WHO says no Omicron deaths yet, as variant spreads worldwide
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The Omicron variant has been detected in 38 countries but no deaths have yet been reported, the WHO said on Friday (Dec. 3), as authorities worldwide rushed to stem the spread of the heavily mutated COVID-19 strain.
The United States and Australia became the latest countries to confirm their first locally transmitted cases of the variant, as the number of Omicron infections from a Christmas party in Norway rose to 13.
The World Health Organization (WHO) has warned it could take weeks to determine how infectious the variant is, whether it causes more severe illness and how effective current treatments and vaccines are against it.
“We’re going to get the answers that everybody out there needs,” WHO emergencies director Michael Ryan said.
The WHO said on Friday it had still not seen any reports of deaths related to Omicron, but the new variant’s spread has cast recovery into doubt and led to warnings that it could cause more than half of Europe’s COVID cases in the next few months.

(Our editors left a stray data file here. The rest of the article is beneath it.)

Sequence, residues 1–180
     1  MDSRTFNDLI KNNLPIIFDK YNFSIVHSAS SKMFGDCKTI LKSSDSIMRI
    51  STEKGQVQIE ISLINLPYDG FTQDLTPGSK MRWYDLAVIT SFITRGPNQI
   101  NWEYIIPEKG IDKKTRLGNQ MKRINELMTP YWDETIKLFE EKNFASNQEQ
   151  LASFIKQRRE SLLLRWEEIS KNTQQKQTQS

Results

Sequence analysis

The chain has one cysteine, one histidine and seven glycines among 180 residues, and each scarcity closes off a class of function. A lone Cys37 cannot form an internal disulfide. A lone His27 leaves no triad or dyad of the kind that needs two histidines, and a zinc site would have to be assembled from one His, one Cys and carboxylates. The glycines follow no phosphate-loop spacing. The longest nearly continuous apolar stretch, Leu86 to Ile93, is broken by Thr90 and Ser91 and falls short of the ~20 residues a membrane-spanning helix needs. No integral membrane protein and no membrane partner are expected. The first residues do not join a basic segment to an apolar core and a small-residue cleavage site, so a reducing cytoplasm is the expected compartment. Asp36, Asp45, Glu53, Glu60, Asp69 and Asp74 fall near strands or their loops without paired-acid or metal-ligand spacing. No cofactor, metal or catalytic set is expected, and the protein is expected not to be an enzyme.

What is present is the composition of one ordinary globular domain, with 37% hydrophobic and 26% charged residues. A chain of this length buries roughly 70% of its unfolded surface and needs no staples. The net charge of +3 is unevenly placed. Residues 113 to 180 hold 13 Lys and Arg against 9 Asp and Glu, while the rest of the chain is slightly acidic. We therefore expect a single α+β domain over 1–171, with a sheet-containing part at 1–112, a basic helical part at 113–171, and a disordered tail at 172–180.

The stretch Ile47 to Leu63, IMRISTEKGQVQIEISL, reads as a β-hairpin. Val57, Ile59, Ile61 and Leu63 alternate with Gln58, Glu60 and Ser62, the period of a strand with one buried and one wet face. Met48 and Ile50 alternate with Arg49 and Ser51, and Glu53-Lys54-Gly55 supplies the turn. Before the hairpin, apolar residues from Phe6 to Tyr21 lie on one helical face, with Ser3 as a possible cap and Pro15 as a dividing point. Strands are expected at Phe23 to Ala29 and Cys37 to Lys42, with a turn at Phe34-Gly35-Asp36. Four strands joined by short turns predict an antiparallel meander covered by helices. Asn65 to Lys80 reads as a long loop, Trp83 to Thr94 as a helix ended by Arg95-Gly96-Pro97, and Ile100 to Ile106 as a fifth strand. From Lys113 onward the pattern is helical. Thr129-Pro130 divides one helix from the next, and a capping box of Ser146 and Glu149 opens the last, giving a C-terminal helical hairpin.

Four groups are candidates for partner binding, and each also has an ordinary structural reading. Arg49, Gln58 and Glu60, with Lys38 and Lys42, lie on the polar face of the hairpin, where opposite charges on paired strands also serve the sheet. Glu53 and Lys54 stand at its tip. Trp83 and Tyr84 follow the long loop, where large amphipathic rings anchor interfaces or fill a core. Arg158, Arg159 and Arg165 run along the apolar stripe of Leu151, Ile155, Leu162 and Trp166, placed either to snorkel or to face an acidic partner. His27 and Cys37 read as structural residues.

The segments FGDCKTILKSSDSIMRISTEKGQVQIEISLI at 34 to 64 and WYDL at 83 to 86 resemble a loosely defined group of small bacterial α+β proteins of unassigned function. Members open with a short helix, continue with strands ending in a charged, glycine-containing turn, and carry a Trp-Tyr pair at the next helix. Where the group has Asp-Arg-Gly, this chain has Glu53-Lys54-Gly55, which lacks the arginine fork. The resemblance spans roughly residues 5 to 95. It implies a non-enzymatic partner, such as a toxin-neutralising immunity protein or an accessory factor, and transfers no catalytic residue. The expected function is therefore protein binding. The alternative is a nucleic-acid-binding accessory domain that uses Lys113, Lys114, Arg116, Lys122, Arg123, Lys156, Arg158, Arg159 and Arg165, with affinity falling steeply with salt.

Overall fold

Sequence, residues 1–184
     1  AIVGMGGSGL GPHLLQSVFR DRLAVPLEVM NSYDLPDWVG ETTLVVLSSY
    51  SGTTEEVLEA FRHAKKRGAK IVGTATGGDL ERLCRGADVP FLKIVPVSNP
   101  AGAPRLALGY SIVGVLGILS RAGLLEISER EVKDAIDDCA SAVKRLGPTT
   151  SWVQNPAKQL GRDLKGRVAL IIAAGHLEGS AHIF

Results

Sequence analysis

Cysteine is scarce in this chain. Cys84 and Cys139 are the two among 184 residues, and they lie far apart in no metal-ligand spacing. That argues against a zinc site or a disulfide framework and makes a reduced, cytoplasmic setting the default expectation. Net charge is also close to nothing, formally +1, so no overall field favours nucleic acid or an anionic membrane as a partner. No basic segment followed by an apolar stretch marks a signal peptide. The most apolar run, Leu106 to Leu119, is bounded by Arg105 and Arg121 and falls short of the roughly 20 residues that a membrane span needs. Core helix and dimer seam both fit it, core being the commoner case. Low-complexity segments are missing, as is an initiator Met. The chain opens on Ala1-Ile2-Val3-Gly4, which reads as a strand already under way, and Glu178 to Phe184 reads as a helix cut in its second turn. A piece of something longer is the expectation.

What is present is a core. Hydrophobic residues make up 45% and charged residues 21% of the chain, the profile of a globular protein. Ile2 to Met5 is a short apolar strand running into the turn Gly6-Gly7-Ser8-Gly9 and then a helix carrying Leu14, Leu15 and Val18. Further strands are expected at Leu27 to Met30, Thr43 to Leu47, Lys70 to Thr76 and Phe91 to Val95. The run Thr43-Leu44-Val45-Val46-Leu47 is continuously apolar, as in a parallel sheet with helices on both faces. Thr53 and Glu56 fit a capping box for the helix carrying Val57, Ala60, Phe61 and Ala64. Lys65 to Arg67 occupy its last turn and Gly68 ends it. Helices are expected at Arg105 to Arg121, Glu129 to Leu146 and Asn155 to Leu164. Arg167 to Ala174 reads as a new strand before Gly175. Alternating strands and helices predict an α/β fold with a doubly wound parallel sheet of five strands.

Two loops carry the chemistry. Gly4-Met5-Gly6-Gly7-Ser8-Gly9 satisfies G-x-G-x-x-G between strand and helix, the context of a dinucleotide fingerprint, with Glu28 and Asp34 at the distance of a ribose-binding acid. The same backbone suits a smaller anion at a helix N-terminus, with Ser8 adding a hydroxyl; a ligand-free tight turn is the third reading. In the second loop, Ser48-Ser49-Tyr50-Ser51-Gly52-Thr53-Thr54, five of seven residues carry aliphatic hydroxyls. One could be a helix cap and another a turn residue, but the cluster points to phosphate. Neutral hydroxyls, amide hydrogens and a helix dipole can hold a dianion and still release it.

A preliminary study by researchers in South Africa, where the new variant was first reported on November 24, suggests the strain is three times more likely to cause reinfections compared to the Delta or Beta strains.
Doctors said there had been a spike in the number of children under five admitted to hospital since Omicron emerged, but stressed it was too early to know if young children were particularly susceptible.
“The incidence in those under-fives is now second-highest, and second only to the incidence in those over 60,” Wassila Jassat from the National Institute for Communicable Diseases said.
In the United States, two cases involved residents with no recent international travel history — showing that Omicron is already circulating inside the country.
“This is a case of community spread,” the Hawaii Health Department confirmed.
US President Joe Biden on Thursday unveiled his plans to battle COVID-19 during the winter, with new testing requirements for travellers and a surge in vaccination efforts. (AFP)